Six on Saturday. 21.7.18

  1. My garden is a hateful, odious, repellant place to be at the moment. Everywhere I look is crisp, shrivelled or lank foliage accusing me of failure. I can take no pleasure in it. So, to cheer me up, here is a picture of a friend’s new Schnauzer puppy (Morris) running to bother my dog ,Pepper. It is in the garden, but that is all I can say of its horticultural connection.


2. It should be the time for Crocosmia “Lucifer” to bring not only light (Lucifer was “The Bringer of Light” before he was thrown out of Heaven), but fire to the borders. Mine came up, did a pathetic turn for three days and then frazzled away. How annoying then to see these in a client’s more shady and moisture retentive spot. I’m happy for them, I really am.


3. Pots are extra hard to keep going in the drought. I am fed up of lugging watering cans around. When you get a lovely display of Gladiolus (or Acidanthera if you want) murielae out of it, I suppose it is just about worth it.


4. Echinops just chug on, being great, laying themselves open to bees, retaining their height and stature and poise on no water whatsoever. They are one of the plants to turn to in these or any other conditions. I love them.

5. These lilys, Stargazer, were nursed through the Winter having been given to me as a 50th birthday present. Not naturally in my “colour swatch” as designers say, they are the brightest thing around at the moment. The smell is just the right side of nauseating. I have only found one lily beetle on them too, who sadly passed away , so that is a bonus.


6. So, I am going around looking for plants that love the drought. In the community garden on Attlee Terrace whilst walking the dog, I saw this. Myrtus communis, Myrtle. It is covered in beautiful fragrant blossom, swarming with insect life, the foliage is very healthy and gives off a pleasant, slightly medicinal smell. Just loving life. It looks a bit like privet most of the year, fairly nondescript (meaning, I hadn’t noticed it before!). I remembered talking to a lady at the Sydney Botanic Gardens at Christmas who said that Aussie Myrtle has been disfigured by rust. Another of the pest and disease problems rife because of globalisation. Still, if these are to be our Summers in future, you could do a lot worse for a shrub. I took cuttings.

10 thoughts on “Six on Saturday. 21.7.18

  1. Most of grow some plants that are borderline hardy, resigned to losing them in an exceptional winter. Perhaps we should look on exceptional summers in the same way, though it’s harder because the plants are dying in full growth, not when dormant. It would be a mistake to limit ourselves to plants that will survive every flavour of extreme weather we ever get.

    Liked by 1 person

    1. Very true, Jim. There needs to be a bit of perspective when in the middle of extreme situations and you sound like just the man to bring it. It’s easy to think that the end of the world is upon us!


  2. That myrtle is lovely. I think all your red beetles have come to mine for a visit. My lilies were so wonderful last year & this summer, sticks of death. Dogs are definitely SoS members, altho you more frequently see cats here.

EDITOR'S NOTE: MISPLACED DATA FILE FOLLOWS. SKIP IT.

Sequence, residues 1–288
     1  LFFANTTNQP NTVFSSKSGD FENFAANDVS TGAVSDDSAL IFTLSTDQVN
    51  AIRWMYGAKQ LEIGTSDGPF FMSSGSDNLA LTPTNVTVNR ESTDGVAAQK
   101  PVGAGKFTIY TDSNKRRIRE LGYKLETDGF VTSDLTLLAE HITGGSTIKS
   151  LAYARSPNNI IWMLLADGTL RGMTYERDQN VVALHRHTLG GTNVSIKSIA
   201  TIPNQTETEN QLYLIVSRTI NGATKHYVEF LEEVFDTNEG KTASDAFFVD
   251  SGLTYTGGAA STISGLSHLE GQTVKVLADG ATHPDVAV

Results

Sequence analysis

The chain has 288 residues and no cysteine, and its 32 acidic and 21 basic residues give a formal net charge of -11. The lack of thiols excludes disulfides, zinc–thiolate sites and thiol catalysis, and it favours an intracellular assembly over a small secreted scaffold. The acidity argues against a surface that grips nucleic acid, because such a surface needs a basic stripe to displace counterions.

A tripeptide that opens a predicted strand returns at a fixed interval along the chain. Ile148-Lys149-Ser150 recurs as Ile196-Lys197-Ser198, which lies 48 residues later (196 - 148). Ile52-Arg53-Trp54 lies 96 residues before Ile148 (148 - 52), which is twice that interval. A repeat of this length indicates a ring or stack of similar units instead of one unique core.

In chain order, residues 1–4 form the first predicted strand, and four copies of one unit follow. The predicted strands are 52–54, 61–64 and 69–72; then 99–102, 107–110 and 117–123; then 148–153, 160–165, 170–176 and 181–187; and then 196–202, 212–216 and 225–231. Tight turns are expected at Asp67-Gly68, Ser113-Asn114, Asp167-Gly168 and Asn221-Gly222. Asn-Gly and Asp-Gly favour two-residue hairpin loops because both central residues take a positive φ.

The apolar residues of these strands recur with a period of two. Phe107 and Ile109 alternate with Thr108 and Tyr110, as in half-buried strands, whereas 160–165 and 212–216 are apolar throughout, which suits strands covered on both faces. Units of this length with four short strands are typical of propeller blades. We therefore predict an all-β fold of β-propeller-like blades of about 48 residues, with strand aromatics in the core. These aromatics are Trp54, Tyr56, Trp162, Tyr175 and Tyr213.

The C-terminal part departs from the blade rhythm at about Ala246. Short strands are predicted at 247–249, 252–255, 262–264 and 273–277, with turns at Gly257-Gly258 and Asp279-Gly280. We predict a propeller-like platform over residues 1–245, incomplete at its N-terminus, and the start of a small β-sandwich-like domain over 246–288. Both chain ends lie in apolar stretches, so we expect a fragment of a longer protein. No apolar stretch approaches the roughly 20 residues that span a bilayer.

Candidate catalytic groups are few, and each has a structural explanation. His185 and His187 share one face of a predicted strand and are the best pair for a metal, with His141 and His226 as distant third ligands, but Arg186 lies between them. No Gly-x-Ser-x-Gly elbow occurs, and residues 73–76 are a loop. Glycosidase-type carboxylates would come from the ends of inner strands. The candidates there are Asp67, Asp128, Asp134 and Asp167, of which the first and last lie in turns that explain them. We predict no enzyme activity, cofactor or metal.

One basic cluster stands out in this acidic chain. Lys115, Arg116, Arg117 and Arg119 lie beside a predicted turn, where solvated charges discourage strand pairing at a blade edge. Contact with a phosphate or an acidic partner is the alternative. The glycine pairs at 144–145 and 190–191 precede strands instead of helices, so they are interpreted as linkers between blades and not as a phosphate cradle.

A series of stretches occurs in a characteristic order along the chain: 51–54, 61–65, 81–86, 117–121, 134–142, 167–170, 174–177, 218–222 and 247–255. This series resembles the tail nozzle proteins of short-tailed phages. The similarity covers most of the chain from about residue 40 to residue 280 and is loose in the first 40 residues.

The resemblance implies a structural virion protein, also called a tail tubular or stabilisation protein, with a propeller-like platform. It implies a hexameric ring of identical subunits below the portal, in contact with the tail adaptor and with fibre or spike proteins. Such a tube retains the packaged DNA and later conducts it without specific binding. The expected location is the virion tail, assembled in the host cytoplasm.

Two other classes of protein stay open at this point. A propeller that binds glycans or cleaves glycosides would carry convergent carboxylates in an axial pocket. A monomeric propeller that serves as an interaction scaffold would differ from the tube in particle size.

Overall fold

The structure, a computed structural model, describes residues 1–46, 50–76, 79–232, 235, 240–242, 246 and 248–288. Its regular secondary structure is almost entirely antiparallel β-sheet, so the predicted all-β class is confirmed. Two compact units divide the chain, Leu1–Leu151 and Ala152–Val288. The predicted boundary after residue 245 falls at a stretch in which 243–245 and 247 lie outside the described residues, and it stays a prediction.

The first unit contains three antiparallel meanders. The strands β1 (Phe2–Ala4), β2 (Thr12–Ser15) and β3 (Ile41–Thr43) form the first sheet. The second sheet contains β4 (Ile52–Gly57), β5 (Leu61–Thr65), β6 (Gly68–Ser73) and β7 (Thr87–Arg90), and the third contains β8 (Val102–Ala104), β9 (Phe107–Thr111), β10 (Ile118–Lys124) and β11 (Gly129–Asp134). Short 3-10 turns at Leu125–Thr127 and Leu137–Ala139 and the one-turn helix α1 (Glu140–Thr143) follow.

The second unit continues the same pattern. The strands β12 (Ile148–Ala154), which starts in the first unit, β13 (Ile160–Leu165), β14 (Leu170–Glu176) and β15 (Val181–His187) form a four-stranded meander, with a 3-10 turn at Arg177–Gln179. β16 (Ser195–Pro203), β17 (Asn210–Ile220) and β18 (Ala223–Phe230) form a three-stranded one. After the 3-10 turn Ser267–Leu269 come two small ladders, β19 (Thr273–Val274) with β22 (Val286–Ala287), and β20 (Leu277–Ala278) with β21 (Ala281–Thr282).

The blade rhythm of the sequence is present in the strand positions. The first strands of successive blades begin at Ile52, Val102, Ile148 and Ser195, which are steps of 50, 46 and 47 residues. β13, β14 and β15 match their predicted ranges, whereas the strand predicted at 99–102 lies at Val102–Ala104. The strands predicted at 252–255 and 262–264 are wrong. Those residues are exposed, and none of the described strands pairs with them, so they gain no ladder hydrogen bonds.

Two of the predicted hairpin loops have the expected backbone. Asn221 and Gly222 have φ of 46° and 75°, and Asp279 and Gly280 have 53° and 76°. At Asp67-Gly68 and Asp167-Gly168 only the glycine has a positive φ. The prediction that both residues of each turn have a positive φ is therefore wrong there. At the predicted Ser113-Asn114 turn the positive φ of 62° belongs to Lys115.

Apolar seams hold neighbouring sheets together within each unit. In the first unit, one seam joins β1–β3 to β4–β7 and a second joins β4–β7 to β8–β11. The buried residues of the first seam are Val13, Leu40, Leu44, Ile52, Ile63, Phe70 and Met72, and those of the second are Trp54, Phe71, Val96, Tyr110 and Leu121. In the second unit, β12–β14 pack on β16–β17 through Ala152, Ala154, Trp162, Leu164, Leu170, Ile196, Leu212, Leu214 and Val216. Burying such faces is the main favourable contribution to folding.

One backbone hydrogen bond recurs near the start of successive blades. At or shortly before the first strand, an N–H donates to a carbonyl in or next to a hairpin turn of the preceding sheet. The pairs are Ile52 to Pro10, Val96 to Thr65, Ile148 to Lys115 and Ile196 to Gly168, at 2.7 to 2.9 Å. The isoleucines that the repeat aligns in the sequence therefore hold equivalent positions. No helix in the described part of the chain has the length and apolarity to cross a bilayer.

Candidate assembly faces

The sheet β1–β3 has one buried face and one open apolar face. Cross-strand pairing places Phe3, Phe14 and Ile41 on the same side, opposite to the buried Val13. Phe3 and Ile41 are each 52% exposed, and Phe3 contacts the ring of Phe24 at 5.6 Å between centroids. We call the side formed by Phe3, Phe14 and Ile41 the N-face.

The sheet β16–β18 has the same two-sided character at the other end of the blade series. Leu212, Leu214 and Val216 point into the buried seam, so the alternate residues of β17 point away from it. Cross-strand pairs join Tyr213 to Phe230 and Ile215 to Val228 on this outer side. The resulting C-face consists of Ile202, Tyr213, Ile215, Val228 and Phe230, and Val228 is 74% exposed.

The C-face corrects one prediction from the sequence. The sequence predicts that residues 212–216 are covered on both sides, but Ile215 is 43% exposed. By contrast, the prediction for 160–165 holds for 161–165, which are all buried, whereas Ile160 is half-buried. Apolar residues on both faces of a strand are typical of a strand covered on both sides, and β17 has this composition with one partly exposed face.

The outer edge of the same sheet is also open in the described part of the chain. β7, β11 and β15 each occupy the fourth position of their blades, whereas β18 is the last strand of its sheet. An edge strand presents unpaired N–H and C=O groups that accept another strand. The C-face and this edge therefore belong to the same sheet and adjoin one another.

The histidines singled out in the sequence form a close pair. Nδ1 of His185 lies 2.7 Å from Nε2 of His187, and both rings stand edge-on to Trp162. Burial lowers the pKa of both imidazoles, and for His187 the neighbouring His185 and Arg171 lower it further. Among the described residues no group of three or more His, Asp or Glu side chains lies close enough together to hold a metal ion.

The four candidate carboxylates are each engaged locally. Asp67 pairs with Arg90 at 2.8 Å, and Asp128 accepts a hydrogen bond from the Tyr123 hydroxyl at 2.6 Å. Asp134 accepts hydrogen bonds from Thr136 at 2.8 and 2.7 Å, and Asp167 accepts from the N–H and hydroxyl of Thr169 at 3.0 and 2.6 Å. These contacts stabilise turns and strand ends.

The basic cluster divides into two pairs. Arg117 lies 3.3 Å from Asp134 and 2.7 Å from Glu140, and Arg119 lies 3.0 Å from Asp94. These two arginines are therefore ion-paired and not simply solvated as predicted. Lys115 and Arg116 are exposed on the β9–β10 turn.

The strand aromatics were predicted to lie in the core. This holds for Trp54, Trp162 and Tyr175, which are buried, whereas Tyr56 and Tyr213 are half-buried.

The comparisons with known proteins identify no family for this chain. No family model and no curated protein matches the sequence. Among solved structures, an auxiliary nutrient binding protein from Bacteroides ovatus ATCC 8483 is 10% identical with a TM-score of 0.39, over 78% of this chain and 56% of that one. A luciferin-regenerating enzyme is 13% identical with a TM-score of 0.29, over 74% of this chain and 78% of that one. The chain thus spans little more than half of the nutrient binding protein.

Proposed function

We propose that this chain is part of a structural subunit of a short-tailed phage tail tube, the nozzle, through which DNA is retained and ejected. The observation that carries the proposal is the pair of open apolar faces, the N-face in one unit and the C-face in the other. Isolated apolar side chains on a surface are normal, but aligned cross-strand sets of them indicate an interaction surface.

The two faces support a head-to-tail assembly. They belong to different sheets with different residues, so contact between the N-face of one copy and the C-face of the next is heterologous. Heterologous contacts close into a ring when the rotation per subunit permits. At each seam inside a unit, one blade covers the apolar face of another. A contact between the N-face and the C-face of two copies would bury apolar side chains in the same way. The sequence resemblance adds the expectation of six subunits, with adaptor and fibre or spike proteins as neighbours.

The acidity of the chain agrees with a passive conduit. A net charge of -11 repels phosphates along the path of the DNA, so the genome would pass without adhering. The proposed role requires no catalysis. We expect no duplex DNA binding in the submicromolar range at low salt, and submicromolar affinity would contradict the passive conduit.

Liked by 1 person

  3. Cheer up Tim. You will be moaning about the snow come December! I must admit it is somewhat of a concern as what to plant in these odd times. I, desiring a Mediterranean garden with some southern hemisphere exotics soon realised that my soil and indeed the climate here suits bog loving plants most. Having reconciled myself to that thought and rewriting my plant list, we now have this. Mmmm… what is a gardener to do? Build a huge glasshouse over the entire plot might work 😀

    Have a happy week Tim 🙂
    PS At least the S&S seem to be less visible this summer.

    Liked by 1 person

  4. I think we are definitely going to have to grow more plants like Echinops in the future. Interesting that it is a good year for Myrtus communis. I have one which I thought I had killed by cutting it back too hard over the winter, but I noticed today that it is springing back to life. It must like the weather!


  5. Goodness! You must not be so hard on yourself. The weather that is so dreadful there is normal in other parts of the world. We just deal with it, like some of the plants in the garden will do. My crocosmia finished a long time ago. I pulled up the foliage last week, and should have done it a month ago! We have some at work that is still green, and a few that are blooming, but it is a completely different situation. Those that are done were much prettier and prolific while they bloomed. It was worth an earlier finish.

    Liked by 1 person

  6. It doesn’t seem to matter what one plants, the weather these days is a trial and causes havoc in the garden one way or the other. My garden is full of hardy plants out of necessity, but even they are suffering from the severe frosts we’ve been having so you’re not alone in despairing. The good thing is that plants are always full of surprises and there’ll probably be more survivors than you expect.


  7. It is quite a battle to keep the garden looking good this year, every season seems to be extreme. I’ve consigned a lot of the annuals to the compost heap to give the perennials a better chance. An interesting five plus one though.


Leave a Reply

Fill in your details below or click an icon to log in: Logo

You are commenting using your account. Log Out /  Change )

Facebook photo

You are commenting using your Facebook account. Log Out /  Change )

Connecting to %s